Facilitation 101, what does it mean to facilitate in this lesson, I’m going to walk through the fundamentals. Let’s start with the definition of facilitation, facilitate to make an action or process easy or easier to bring about an outcome by providing indirect or unobtrusive guidance, assistance or supervision.
Our job as a facilitator is to do exactly this. How groups through activities, instruction, guidance to do their best thinking, you have to step back from contributing content and focus purely on the process. So when we act as facilitators, we have four primary goals. First, encourage full participation. We have to ensure that everyone has a space to contribute and a democratic and comfortable way. No to promote mutual understanding. As a facilitator, it’s our job to make sure everyone is aligned and speaking that same language. We often do this through creating shared visuals and artifacts. Three foster inclusive decisions. The output of a workshop is only as useful as everyone believes in it. This by it and accountability comes from participatory decision making, concrete and conclusions and next steps that everyone can really get behind and forth cultivate shared responsibility as facilitators. We are the protectors of the democracy. Within the workshop, we help the group identify who will be responsible for what in a way that is shared and fair. So we have what it means to facilitate and we have four goals. So next, I want to give you a framework of guidelines to practice. First and most fundamental is practice a constant state of active listening. Do not interpret what others have to say. You want to guide them towards a better expression themselves. Listen to truly understand rather than listening to react. Second guideline, create space.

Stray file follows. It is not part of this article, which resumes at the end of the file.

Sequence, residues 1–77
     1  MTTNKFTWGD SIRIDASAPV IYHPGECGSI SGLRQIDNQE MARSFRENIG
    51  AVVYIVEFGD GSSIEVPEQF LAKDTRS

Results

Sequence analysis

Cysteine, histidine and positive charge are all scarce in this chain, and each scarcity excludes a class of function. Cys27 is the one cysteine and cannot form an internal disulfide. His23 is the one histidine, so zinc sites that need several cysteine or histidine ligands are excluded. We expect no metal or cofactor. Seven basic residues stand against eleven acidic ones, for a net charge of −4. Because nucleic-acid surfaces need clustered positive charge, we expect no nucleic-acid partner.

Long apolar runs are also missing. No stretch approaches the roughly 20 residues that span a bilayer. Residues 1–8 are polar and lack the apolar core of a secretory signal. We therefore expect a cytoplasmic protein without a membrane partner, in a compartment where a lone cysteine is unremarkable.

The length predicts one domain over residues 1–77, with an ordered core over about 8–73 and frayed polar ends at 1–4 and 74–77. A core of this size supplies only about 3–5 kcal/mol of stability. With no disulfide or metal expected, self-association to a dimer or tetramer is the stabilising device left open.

Use your role as a facilitator to invite people to contribute, even those who may be quiet and reserved. If someone looks like they want to speak, invite them to. Was there something you wanted to say? Did you have an idea? You look like you may have an opinion on this. Third, improvise. There is no one technique that’s always going to work. It’s a situational matter of group dynamics, attitudes and goals. You can plan ahead, but you have to be ready to adapt to what’s happening in the moment forth. Be authentic. You don’t have to pretend you know everything, nor is it your role to as a facilitator. You’re an expert in the process, not the content. I’ve seen a range of incredible facilitators and they all have their own style. Some are reserved, others are bubley like me. Others are stern and straightforward. Your style should be authentic to who you really are. Five Avoid advice as a facilitator, you should be objective. At times it’s appropriate to express your viewpoint, but never as a should or this is what I would do. This can be really hard, but it’s very important. Start by avoiding phrases like I would if I were you. You should lastly embrace conflict. Conflict has a bad reputation, but it’s actually extremely productive. Disagreement is the natural result of different personalities, different views, all those different opinions. The last fundamental piece of facilitation, one on one is really building out your toolkit. Master facilitators all reference having a toolbox of methods that they can pull on during a workshop in planned or improvised ways. So what’s in a toolbox? I think about it in three sections. First tools. These are the materials you use to create artifacts and then the second section activities.
These are the interactive foundational methods you use to encourage ideas, explore themes. And then the third section are those techniques, the ways you can intervene, encourage maneuver conversation between participants over time. Your goal is to expand the tools, activities and techniques you have in your facilitator toolkit.